Now that the final payment rule for the home health care industry is officially out, providers and advocates will take the long-awaited next step.
For advocates, that will mean continuing legislation efforts. Although the final rule includes a 0.7% aggregate payment bump for home health agencies, behavioral adjustment cuts are still being implemented. That’s a phased-in approach that the Centers for Medicare & Medicaid Services (CMS) would like to continue in coming years.
“We now turn to Congress to correct what CMS has done and prevent the impending harm to the 3.2 million highly vulnerable home health patients that depend on this essential Medicare benefit annually,” National Association for Home Care & Hospice (NAHC) President William A. Dombi said in a statement shared with Home Health Care News Monday. “Even with the limited phase-in of the rate cut, with significantly rising costs for staff, transportation, and more, home health agencies across the country cannot withstand the impact of rate cuts.”
Advocacy groups and providers don’t want shrinking margins at all, whether they’re phased in or not.
“The overarching issue – not just with my organization, but as I look at the industry – is that we need a margin to be able to reinvest in the infrastructure within our own organizations,” Androscoggin Home Health Care + Hospice CEO Ken Albert told HHCN last week at NAHC’s annual conference in St. Louis.
The Maine-based Androscoggin is a nonprofit operator that employs over 500 workers across all 16 counties in the state.
There will still be margin pressures due to the final rule – and final rules for future years – if the Preserving Access to Home Health Act does not gain any more traction in Washington, D.C. That piece of legislation would curb any cuts to home health reimbursement until 2026.
And if the the margins are not there, less investment in other service lines is almost a certainty. But what may actually tick up is investment in technology in order to increase efficiency in certain areas.
“The more the margins decrease, the infrastructure – including our own personnel, including the human resource component of what we do – is going to be challenged,” Albert said. “I believe that technology may be a solution in some areas, if you’re looking at a quick opportunity to manage costs. You’re going to look at the necessity and the return on the investment in technology.”
At the same time, technology may be pulled back in some very specific areas too. For instance, telehealth – which Androscoggin has been providing for 25 or so years – may not be at the top of its priority list for every patient moving forward with reduced rates.
“We’ve relied upon a margin in order to be able to invest in technologies like telehealth,” Albert said. “So, do we look at a retraction, or look at reducing the extent to which we’re providing remote patient monitoring to very specific, targeted contractual relationships with health systems, or certain patient populations that we’re paid to case manage? Yeah, likely.”
Some providers also believe they will have to reevaluate how they interact with Medicare Advantage (MA) plans.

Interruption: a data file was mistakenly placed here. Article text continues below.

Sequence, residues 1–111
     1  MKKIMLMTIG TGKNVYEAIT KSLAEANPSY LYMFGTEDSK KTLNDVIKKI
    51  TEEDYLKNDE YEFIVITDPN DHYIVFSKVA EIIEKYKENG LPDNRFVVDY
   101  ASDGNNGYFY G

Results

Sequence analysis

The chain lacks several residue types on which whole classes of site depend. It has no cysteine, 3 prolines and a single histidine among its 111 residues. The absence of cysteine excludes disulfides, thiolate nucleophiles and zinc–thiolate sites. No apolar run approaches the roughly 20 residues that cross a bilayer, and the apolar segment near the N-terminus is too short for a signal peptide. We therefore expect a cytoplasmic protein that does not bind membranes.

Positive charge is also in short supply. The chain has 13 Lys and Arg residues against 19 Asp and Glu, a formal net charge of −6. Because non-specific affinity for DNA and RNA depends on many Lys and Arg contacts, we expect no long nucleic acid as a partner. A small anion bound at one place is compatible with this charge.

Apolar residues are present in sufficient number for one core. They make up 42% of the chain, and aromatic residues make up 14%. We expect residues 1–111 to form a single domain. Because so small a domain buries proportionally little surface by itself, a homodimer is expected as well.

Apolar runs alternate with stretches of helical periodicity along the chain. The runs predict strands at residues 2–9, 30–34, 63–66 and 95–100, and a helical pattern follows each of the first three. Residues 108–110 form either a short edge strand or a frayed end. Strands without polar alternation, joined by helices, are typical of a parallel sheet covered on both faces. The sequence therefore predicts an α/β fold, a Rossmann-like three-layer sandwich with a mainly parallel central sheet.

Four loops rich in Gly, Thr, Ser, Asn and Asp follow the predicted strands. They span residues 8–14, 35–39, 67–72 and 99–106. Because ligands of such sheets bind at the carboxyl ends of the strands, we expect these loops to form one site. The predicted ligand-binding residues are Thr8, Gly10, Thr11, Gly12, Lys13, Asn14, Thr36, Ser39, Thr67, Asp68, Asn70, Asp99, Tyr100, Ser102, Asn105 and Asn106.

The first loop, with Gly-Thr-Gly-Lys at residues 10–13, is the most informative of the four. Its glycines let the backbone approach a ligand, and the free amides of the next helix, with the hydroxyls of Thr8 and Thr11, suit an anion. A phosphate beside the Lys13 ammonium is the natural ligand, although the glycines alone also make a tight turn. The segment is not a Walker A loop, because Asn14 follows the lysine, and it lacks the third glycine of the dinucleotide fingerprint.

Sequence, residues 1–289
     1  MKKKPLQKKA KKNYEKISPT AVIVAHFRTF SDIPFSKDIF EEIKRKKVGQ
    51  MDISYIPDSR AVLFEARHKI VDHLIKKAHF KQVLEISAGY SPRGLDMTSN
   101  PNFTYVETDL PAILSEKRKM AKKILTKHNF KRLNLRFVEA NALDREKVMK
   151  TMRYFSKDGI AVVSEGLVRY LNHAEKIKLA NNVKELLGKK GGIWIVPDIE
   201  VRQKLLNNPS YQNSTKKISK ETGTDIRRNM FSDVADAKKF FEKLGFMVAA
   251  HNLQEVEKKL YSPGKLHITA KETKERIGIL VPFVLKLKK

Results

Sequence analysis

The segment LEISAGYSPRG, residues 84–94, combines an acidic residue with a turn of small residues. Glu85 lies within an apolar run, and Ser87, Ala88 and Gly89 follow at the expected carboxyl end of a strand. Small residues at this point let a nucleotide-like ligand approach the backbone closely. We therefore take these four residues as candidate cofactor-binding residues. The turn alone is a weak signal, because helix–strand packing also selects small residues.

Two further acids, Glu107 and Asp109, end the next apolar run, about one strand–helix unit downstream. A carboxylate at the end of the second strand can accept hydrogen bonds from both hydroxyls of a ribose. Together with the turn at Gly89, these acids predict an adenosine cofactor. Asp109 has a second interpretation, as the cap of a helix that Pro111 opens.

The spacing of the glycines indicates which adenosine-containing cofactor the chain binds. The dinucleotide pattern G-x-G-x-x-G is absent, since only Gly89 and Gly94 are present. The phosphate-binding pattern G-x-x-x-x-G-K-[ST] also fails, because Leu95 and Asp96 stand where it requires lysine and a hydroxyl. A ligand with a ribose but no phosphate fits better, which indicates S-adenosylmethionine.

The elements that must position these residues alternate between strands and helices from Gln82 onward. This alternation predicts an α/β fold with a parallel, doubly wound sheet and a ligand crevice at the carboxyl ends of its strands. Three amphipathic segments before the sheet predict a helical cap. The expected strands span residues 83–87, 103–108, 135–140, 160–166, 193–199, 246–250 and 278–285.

Traditionally, fee-for-service Medicare has been the best payment source for home health agencies. Without it being as steady of a source of income as it has been in the past, taking sub-par rates from any other payers will become less feasible.
“We would also have to figure out how we relate to Medicare Advantage, and to manage Medicaid programs,” VNA Health Group President and CEO Dr. Steve Landers told HHCN at the NAHC event. “Because in a lot of instances, we’ve depended on the traditional Medicare program for the vibrancy of our companies. If the rule is finalized the way it is, we’d have to even further reevaluate how we are relating to these other types of payers. Because that has to become more sustainable.”
The Holmdel, New Jersey-based VNA Health Group is a nonprofit provider of home-based health services in New Jersey and Ohio.
In that vein, Amedisys Inc. (Nasdaq: AMED) touted its new MA deal with CVS Health’s (NYSE: CVS) Aetna during its earnings call Thursday, urging other plans to “take note.”
“We are in active discussion with other plans for similar contracts or other value-based models,” Amedisys CEO Chris Gerard said. “The remaining plans that have been unwilling to engage in models like this should take note. In a world where clinical capacity is at a premium, we will not work with payers who fail to see the value that we deliver and the quality outcomes we provide for their members.”
On VNA Health Group’s end, Landers also noted that the way providers manage episodes of care would have to be reconsidered.
“We’re all going to have to potentially evaluate how we manage episodes of care,” he said. “I really hope it doesn’t go down that road, but I could see a response to the payment shrinking being that just less care is provided during these episodes, which is not really good for the public. But I could see that being the way that agencies deal with the lower reimbursement.”
While the final rule could be viewed as bad or good news, depending on each provider’s perspective, it will still force them to consider where they spend their time, money and resources during the rest of this year and the next one.